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French minister pledges reform over diabetes drug scandal

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France’s health minister vowed Sunday to rebuild a more transparent health care system following a scandal over a diabetes drug that was linked to more than 500 deaths.

Xavier Bertrand told French radio Europe 1 that he wished “to be heard as soon as possible” by the parliamentary panels looking into the drug Mediator in order to “debate proposals to rebuild the health care system”.

France’s biggest health scandal in years, the drug was banned in France, where millions of people took it, after being linked to heart valve damage. It is also banned in the United States, Spain and Italy.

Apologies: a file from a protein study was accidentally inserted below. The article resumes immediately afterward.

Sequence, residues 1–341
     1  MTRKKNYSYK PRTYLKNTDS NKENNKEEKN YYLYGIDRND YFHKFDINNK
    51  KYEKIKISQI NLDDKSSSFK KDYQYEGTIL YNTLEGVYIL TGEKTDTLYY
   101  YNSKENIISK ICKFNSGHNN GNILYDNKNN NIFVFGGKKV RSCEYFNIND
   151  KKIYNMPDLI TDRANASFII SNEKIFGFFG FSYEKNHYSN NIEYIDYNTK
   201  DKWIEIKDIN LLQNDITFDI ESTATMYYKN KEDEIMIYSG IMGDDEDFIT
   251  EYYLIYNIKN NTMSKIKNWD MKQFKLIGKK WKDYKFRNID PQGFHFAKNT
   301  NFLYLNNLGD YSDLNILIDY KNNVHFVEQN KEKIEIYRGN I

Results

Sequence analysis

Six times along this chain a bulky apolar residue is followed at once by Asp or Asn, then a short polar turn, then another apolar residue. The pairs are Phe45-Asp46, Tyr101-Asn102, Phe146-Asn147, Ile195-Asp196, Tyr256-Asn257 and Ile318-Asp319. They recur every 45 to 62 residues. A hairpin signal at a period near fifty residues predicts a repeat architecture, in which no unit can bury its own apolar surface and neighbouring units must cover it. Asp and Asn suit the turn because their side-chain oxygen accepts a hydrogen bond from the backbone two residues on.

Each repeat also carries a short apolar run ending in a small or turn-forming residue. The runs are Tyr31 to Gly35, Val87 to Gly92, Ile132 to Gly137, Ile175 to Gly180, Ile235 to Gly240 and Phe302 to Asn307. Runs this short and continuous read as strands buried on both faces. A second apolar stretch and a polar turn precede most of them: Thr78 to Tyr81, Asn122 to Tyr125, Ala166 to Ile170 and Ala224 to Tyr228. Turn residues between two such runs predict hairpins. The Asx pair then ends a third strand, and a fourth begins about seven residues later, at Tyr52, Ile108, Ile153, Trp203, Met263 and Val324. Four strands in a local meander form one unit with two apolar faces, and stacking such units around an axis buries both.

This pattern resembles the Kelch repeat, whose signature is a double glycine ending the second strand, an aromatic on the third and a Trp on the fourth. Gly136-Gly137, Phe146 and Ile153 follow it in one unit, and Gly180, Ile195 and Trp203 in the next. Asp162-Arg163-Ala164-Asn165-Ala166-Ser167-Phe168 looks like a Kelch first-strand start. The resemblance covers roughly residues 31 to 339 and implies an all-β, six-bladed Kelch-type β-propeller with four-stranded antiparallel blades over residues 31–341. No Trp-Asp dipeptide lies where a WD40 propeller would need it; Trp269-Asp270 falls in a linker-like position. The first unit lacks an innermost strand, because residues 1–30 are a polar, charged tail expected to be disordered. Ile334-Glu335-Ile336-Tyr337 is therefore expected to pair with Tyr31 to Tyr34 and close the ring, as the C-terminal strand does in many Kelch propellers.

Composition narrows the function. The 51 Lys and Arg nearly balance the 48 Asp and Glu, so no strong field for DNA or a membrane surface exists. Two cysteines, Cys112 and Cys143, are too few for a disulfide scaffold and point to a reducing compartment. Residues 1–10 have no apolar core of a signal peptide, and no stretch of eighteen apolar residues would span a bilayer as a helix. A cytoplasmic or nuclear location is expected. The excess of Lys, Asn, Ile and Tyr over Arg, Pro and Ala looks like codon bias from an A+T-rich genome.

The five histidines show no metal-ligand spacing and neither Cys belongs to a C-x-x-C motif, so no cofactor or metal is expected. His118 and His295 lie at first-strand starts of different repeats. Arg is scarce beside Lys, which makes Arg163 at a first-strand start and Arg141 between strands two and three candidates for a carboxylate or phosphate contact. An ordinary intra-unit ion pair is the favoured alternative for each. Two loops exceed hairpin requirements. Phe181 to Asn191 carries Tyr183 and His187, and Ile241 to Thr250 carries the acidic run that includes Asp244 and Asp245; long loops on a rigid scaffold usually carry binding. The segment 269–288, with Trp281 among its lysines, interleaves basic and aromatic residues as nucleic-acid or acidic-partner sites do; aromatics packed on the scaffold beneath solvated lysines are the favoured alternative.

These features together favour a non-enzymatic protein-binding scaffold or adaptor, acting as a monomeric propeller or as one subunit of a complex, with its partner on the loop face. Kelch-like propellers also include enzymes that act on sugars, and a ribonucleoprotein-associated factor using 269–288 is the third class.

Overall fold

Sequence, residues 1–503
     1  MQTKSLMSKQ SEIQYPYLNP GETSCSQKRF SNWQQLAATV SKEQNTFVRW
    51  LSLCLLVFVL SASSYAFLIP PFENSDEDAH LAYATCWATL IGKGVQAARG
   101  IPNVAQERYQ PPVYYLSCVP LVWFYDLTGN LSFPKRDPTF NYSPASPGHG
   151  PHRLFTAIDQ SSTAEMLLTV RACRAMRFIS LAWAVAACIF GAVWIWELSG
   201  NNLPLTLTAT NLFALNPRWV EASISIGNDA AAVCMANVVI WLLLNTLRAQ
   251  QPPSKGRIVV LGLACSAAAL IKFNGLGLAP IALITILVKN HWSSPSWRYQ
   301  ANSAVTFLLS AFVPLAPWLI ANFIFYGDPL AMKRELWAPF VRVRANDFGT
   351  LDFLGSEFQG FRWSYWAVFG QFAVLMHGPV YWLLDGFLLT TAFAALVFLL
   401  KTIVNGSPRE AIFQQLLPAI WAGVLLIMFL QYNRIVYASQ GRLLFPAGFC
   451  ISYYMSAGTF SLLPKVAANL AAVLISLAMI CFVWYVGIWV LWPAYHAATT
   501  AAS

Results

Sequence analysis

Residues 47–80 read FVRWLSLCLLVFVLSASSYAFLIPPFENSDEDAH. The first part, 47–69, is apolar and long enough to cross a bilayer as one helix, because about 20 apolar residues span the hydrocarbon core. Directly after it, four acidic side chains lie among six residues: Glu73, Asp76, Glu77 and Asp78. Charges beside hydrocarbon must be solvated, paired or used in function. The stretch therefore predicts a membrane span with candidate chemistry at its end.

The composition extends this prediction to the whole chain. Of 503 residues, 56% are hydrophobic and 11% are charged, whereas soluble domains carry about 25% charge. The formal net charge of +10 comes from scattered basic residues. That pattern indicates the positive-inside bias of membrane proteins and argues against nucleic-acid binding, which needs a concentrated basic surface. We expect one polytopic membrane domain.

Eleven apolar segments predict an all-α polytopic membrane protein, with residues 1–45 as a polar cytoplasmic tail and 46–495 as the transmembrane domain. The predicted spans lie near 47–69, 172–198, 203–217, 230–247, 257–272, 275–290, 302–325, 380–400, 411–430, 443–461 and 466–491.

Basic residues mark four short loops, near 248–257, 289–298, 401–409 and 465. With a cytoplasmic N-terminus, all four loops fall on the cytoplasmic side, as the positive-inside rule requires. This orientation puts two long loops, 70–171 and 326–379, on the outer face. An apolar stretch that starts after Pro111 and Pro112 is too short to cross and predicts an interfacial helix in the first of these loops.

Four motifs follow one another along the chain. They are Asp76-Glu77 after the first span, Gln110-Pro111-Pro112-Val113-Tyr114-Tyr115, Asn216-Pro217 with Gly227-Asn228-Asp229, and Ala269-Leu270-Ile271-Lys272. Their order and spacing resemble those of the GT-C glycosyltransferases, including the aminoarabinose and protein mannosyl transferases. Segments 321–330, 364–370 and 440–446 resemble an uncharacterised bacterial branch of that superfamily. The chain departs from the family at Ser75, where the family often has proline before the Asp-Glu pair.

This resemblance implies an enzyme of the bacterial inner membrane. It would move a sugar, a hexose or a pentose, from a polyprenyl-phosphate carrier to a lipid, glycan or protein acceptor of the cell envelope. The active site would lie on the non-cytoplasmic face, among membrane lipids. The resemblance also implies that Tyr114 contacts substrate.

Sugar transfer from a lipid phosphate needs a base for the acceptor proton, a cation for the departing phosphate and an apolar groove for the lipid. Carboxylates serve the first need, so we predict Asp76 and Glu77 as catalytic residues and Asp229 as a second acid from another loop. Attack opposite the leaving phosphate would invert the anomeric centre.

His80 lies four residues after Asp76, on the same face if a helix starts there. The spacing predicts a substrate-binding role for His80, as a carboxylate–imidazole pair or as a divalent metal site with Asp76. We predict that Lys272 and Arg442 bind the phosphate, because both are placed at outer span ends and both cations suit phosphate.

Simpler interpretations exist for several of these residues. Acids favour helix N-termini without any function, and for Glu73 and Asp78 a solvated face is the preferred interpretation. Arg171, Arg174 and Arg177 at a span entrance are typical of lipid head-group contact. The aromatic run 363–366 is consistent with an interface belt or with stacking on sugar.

The drug for overweight people with diabetes was also widely prescribed to others as an appetite-suppressant. It was first sold in 1976 and was linked to the deaths of 500 to 2,000 people over three decades.

The pharmaceutical company Servier that sold Mediator “had primary and direct responsibility,” Bertrand said, adding: “They should respond to their actions.”

The health minister is pushing to create a new system to control drugs that will be more independent of the pharmaceutical industry.

He insisted on the need to publish a list of 76 drugs that are currently being monitored, “even if they are not all dangerous”.

The public agency in charge of health products safety needs to inform him of “the necessary steps that could lead to a withdrawal of certain (drugs) from the market”, he added.

Servier last week conceded that Mediator was a “true risk”. In November it had said that 500 deaths represented a tiny risk compared to the number of people who took the drug.

Scores of alleged victims pressed charges against the drug company on Tuesday at a Paris court.

Paris, Jan 16, 2011 (AFP)